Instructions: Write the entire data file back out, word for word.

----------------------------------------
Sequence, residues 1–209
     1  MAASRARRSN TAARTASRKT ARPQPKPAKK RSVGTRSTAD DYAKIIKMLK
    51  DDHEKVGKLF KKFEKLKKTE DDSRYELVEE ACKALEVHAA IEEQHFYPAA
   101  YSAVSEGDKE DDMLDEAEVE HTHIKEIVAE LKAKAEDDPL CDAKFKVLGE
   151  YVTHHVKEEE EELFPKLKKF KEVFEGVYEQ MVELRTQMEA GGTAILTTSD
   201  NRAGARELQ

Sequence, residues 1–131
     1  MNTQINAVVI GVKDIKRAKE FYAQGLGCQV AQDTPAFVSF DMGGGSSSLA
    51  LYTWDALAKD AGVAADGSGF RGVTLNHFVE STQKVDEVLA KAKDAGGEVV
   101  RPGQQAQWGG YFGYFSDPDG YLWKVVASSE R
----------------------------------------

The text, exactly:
Sequence, residues 1–209
     1  MAASRARRSN TAARTASRKT ARPQPKPAKK RSVGTRSTAD DYAKIIKMLK
    51  DDHEKVGKLF KKFEKLKKTE DDSRYELVEE ACKALEVHAA IEEQHFYPAA
   101  YSAVSEGDKE DDMLDEAEVE HTHIKEIVAE LKAKAEDDPL CDAKFKVLGE
   151  YVTHHVKEEE EELFPKLKKF KEVFEGVYEQ MVELRTQMEA GGTAILTTSD
   201  NRAGARELQ

Sequence, residues 1–131
     1  MNTQINAVVI GVKDIKRAKE FYAQGLGCQV AQDTPAFVSF DMGGGSSSLA
    51  LYTWDALAKD AGVAADGSGF RGVTLNHFVE STQKVDEVLA KAKDAGGEVV
   101  RPGQQAQWGG YFGYFSDPDG YLWKVVASSE R